ELAN board meeting via zoom

Zoom screenshot of an ELAN board meeting circa spring, 2020. Left to right / top to bottom: Karen Cho, Guy Rodgers, Blair MacKay, Louise Campbell, Bettina Forget, Paul Bracegirdle, Tim Piper, Kakim Goh, Li Li, Swati Khanna, Deborah Forde, Roger Sinha, Deirdre Potash, and Victoria Sanchez. 

 

Here we are in 2021, on the threshold of the post-COVID era. I always told my kids when they were little that tough times are good for building character, although the trials they were going through rarely made sense to them in the moment. It is too early to know how we are going to emerge from the traumatic effects of COVID-19, or how quickly. The natural instinct is to want things to get back to normal as quickly as possible, for this whole thing just to be over and behind us so that we can get on with our lives. It won’t be that simple. Some things have changed permanently.

Tough times build strong communities because we realize that self-reliance is a luxury that comes with the privilege of security and abundance. Tough times remind us that we need help from other people and that we are able to help others in turn. The networks of mutual support and encouragement that have emerged over the past year are valuable and we will be wise to maintain them. One of the positive side-effects of COVID isolation is increased recognition of the value of artists and their creations. While our neighbours have been locked away and deprived of human contact, they have turned to books, films, music and visual beauty for comfort and consolation. Post-COVID, we will see a new social contract with healthcare workers and educators, whose work has been under-appreciated and under-valued. I am hoping we also see the re-evaluation of artists’ work, which will have a positive impact on audience appreciation and future funding for the arts (particularly when austerity returns).

In response to COVID, ELAN‘s team shared information on support programs and helped interpret it. We also received funding to create a web series for Quebec’s seniors who were badly affected by the first wave. The first two episodes went on-line in December, to a warm response, and we will continue to produce two episodes per month until the summer. Please share the link to our YouTube channel with your parents and grandparents.  The other new project we are working on is a series of documentaries about identity and belonging in Quebec’s English-speaking communities. We are creating Discussion Groups based on waves of immigration. In December, we had fascinating discussions with people whose families arrived in Quebec prior to 1945. We are currently recruiting people who arrived in Quebec since 1995. If that is you, and you want to share your story, contact me at guyrodgers@quebec-elan.org.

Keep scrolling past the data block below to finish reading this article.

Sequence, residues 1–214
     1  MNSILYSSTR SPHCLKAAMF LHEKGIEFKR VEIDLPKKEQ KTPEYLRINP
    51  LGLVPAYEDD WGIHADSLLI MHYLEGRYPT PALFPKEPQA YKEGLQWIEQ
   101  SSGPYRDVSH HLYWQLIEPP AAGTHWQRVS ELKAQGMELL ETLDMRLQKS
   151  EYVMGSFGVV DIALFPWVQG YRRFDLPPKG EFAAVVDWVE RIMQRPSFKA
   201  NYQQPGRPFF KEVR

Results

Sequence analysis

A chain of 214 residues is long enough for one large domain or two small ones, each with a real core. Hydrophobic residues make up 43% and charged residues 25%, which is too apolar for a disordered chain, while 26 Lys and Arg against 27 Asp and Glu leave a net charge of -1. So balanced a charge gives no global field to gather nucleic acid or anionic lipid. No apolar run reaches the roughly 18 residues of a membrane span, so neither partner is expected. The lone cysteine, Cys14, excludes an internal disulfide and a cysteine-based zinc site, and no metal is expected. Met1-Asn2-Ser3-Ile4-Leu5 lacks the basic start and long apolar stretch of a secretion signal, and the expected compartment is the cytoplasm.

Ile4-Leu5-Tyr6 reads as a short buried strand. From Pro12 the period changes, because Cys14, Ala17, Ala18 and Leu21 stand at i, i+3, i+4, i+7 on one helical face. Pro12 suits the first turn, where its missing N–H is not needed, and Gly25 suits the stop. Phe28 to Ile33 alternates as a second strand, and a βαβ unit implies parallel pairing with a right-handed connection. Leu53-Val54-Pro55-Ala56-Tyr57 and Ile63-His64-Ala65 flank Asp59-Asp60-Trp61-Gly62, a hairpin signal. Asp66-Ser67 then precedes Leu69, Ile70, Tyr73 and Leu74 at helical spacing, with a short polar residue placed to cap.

Guy Rodgers

Executive Director

460 Sainte-Catherine West
Suites 706 & 708, 917 (Quebec Relations)
Montreal, Quebec, Canada H3B 1A7
Phone: (514)-935-3312
admin@quebec-elan.org

Click here to view our Accessibility Audit.

ELAN is an official minority language organization within a country that recognizes two languages as official. ELAN is located in Tiohtiak:ke, the original name for Montreal in Kanien’kéha, the language of the Mohawk—also known as Mooniyang, which is the Anishinaabeg name given to the city by the Algonquin. While we are based in this city, our projects have also taken place in many regions across Quebec.

We acknowledge the colonial origin of English and French in Canada, and recognize that both languages benefit from official status throughout the land. The province that we know as Quebec is an amalgamation of the traditional territories of the Innu and Inuit nations, Algonquian nations, as well as the Mohawk nations of the Haudenosaunee Confederacy. Kanien’kéha and Anishinaabeg are but two of the original languages of this province; Atikamekw, Cree, Inuktitut, and Innu-aimun are also among the many Indigenous languages spoken across Quebec as majority languages, all well before French and English.

ELAN acknowledges the important work being done by First Nations, Inuit and Métis peoples to revive the traditional languages of these territories, and their advocacy for the official status of Indigenous languages.